Recommendations for Executive Action

  1. Status: Closed - Implemented

    Comments: In 2016, BLM officials reported that the agency had considered alternatives to the use of the LR2000 module for tracking protest information and determined that modifying the module would best implement the recommendation. Specifically, in 2015, BLM issued guidance to standardize the collection of public challenge data in its LR2000 module. The guidance requires BLM field offices to enter lease data and records in a standardized manner to ensure that high quality lease sale data is maintained. The guidance introduced a desk reference guide, which includes data entry requirements, including a section on entering protests on oil and gas cases in the LR2000 Public Challenge Module. In addition, in 2013, BLM issued a handbook that provided BLM state offices with standardized guidance related to the receipt, processing, and public display of protests received and protest decisions.

    Recommendation: To improve the efficiency and transparency of BLM's process with regard to protests of its lease sale decisions and to strengthen how BLM carries out its responsibilities under the Mineral Leasing Act, the Secretary of the Interior should direct the Director of BLM to revisit the agency's use of the module for tracking protest information and, in so doing, determine and implement an approach for collecting protest information agencywide that is complete, consistent, and available to the public.

    Agency Affected: Department of the Interior

  2. Status: Closed - Implemented

    Comments: In January 2013, BLM issued guidance on its new Master Leasing Plan process that requires analysis of leasing decisions for a focused geographic area within a larger resource management plan, includes a public and stakeholder involvement component, and requires development of a decision document for elements being adopted. In addition, in February 2013, BLM updated its guidance on onshore oil and gas competitive leasing that includes practices to improve transparency of leasing information such as requirements for state BLM offices to update external web pages with protest decision information and related documents. To improve timeliness of lease issuance, the updated 2013 onshore oil and gas competitive leasing guidance requires the posting of a lease sale notice 90 days before a lease sale (compared to the prior minimum of 45 days), which according to BLM, will provide a better opportunity for the agency to evaluate and respond to protests prior to the sale and will improve its ability to adequately address protests within the timeframes required for lease issuance under the Mineral Leasing Act.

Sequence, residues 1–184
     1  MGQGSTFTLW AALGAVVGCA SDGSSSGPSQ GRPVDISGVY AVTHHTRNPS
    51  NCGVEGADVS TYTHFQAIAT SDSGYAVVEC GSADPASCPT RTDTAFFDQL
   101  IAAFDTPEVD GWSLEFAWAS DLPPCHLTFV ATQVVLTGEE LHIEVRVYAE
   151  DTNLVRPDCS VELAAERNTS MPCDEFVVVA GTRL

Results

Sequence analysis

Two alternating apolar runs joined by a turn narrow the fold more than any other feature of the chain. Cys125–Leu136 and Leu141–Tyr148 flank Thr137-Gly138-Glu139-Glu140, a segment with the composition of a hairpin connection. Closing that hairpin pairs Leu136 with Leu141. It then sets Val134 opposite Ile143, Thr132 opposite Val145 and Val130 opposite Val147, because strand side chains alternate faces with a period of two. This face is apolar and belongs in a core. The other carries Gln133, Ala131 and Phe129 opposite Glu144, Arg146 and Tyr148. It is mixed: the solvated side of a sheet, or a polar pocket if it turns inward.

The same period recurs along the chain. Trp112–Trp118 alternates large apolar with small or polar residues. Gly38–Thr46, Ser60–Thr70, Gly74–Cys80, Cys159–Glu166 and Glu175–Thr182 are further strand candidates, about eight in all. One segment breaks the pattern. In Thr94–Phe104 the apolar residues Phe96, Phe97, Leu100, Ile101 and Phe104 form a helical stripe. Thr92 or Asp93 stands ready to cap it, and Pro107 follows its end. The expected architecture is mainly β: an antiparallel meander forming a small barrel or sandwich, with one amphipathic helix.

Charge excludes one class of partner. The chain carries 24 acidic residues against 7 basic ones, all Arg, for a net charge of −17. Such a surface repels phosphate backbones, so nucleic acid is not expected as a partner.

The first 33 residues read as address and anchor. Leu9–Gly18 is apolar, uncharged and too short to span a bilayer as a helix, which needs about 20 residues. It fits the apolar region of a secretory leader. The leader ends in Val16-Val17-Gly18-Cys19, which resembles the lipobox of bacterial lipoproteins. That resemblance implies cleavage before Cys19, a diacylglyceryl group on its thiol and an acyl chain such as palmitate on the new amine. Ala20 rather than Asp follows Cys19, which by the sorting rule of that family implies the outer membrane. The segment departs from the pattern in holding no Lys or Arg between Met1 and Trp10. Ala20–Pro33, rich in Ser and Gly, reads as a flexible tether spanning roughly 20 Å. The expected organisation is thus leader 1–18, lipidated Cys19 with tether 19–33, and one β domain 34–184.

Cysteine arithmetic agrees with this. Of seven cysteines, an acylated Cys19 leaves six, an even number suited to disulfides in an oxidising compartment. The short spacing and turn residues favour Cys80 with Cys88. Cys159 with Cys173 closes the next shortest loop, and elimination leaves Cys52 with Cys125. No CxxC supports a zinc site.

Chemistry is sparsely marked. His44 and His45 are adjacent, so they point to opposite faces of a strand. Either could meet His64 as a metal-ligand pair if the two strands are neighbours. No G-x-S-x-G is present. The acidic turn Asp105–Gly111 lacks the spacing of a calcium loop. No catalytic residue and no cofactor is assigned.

Recommendation: To improve the efficiency and transparency of BLM's process with regard to protests of its lease sale decisions and to strengthen how BLM carries out its responsibilities under the Mineral Leasing Act, the Secretary of the Interior should direct the Director of BLM, in implementing the Secretary of the Interior's leasing policy reform issued in May 2010, to take steps to improve (1) the transparency of leasing information provided to the public, including information to explain the basis of agency decisions to include or exclude particular parcels in a lease sale and, to the extent feasible, documentation of the role, if any, that protests played in final lease decisions, and (2) the timeliness of lease issuance, without compromising the thoroughness of review.

    Agency Affected: Department of the Interior